The Blessing Of Suffering

THE BLESSING OF SUFFERING

Sherri Drury

Human suffering exists. Death, grief, tragedy, abuse, loss, injury, disease, prolonged hardships. We can’t escape it. It takes many forms. It can happen in an instant and take our breath away, it can move in for a season leaving its fingerprints all over our lives, or like an unwanted guest, it can overstay its welcome and wear us down. All that is broken and evil in the world is amplified in suffering. It can crush.

For those who have no belief in a god, suffering just proves their point that life is purposeless and the universe is cruel. If they believe in many gods, they may have a slight reprieve by investigating which gods are good and which  are badand what they might have done to call down the wrath of one of those gods.

Christians, too, wrestle with suffering. We follow and emulate a God who willingly suffered himself. Suffering has always been an important characteristic of a Christian  worldview. In our current series, we have learned that God doesn’t cause suffering, but He can bring good out of it. We have discovered how suffering can give us the right perspective on life. But these concepts are hard to remember and embrace in a moment of suffering. I find myself needing a bit more to hang on to.

How can a loving and good and powerful God allow suffering?

Can I ask what questions instead of this how question? My questions are these: What does God do in the midst of our suffering? What is God’s response?

He hears and sees and is moved.

I can only imagine what a hopeless misery slavery is, overwhelmingly accumulating day after day, stretching out year after year, covering generation after generation. The Bible tells us that the enslaved Israelites’ groans and cries were heard by God and that He was concerned. Can we sit on that for a moment? God whose thoughts are higher than ours, who is so holy that we can’t see him and live, who is enthroned over all creationemotionally enters into our situation with us. And He is moved to act.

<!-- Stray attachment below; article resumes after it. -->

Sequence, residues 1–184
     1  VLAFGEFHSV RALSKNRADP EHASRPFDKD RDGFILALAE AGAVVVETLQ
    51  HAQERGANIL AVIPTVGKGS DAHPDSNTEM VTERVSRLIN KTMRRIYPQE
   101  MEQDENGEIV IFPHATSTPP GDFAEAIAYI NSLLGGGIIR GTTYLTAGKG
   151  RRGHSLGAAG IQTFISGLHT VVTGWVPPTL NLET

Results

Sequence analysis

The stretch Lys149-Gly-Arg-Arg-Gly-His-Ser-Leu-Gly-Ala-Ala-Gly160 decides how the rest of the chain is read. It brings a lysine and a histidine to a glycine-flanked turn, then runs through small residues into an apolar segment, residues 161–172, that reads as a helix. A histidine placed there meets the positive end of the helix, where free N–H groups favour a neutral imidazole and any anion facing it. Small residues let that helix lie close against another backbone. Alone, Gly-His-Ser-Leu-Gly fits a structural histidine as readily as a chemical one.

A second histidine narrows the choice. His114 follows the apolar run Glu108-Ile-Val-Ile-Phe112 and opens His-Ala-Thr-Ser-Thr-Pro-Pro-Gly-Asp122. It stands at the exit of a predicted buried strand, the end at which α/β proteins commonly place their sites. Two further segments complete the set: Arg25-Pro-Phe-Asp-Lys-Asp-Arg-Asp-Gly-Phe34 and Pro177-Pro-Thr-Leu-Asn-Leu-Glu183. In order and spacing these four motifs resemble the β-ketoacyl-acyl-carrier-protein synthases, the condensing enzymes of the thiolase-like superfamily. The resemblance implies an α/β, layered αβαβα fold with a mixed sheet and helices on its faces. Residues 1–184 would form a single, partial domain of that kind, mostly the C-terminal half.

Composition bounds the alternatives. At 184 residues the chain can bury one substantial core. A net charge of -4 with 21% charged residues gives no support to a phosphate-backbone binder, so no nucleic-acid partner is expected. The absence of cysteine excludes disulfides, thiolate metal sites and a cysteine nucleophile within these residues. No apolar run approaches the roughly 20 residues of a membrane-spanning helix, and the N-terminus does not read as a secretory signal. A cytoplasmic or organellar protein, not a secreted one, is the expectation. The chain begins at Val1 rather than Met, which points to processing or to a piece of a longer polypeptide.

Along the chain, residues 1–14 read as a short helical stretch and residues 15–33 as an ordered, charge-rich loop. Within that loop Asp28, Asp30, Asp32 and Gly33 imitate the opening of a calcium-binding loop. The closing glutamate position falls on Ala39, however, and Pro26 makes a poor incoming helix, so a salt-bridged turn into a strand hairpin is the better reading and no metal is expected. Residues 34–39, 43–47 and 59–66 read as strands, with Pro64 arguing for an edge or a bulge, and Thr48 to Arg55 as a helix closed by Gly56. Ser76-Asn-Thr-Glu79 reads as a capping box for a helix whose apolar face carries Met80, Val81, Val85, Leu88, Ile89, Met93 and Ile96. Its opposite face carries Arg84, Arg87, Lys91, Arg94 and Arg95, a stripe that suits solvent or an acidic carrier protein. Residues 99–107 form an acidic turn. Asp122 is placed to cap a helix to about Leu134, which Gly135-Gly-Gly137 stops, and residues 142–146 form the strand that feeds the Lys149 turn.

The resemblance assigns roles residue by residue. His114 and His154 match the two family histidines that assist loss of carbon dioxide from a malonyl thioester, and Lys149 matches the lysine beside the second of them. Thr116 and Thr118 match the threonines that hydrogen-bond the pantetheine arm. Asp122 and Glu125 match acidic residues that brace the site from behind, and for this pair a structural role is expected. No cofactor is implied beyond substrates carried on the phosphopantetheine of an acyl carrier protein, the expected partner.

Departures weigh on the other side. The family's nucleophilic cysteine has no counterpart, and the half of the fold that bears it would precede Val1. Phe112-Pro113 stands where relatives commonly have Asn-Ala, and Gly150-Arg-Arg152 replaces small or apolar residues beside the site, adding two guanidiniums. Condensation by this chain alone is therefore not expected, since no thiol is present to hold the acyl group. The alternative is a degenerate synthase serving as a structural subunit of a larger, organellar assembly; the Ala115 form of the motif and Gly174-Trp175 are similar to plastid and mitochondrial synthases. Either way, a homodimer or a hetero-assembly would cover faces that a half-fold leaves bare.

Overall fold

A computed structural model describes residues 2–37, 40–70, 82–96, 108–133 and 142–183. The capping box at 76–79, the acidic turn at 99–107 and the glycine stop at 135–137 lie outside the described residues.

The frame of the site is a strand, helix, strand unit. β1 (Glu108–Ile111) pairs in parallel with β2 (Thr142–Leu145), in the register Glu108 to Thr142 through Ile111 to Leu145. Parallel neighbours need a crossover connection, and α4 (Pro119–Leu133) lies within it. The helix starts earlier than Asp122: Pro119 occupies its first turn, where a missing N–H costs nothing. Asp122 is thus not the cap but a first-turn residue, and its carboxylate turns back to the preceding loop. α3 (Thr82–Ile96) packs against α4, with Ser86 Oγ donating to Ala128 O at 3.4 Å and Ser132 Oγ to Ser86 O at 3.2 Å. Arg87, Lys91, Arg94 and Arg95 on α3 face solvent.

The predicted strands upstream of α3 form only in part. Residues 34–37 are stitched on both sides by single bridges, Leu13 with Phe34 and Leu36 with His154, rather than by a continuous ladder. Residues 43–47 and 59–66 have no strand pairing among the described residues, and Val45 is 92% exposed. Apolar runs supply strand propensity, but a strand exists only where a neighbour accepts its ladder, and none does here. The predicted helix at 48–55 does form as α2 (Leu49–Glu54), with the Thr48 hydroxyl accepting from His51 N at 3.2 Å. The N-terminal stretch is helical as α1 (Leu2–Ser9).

For the Israelites, God acted by hardening a ruler’s heart, inflicting plagues on an entire nation, powerfully splitting seas apart, faithfully guiding his people by visible manifestations, miraculously sustaining them on their journey. And the icing on the cake is this: He acted to bring them up into a good and spacious land that He had lovingly prepared for them so they wouldn’t need to “slave” away to survive anymore. What did it feel like to go from slave, to sojourner, to settler in a spacious land? After all those years, isn’t that wonderfully sweet?

Long before this, another slave, Hagar, was sent to sleep with her masterprobably without much choiceand was mistreated and beaten by her master’s wife. She was exiled to the desert with her young son. Unable to watch her own son die from thirst, her body racked by sobs, she heard from God. She did not return to her previous circumstances. She received neither apologies nor justice. But God entered into her pain, fear, and despair. He offered comfort through His presence. He not only sustained her physical life by giving her water, He filled her with hope by sharing a vision of the future.

Praise be to the God and Father of our Lord Jesus Christ, the Father of compassion and the God of all comfort, who comforts us in all our troubles (2 Corinthians 1:3-4). This is who He is. The God of all comfort!

It would be easier if God delivered us from all our troubles and insulated us from all suffering. And I, too, feel confusion, frustration, even anger when God doesn’t do that. But in this moment, I am going to relish the realization that we have a God who stoops down, enters into our suffering with us, and brings comfort.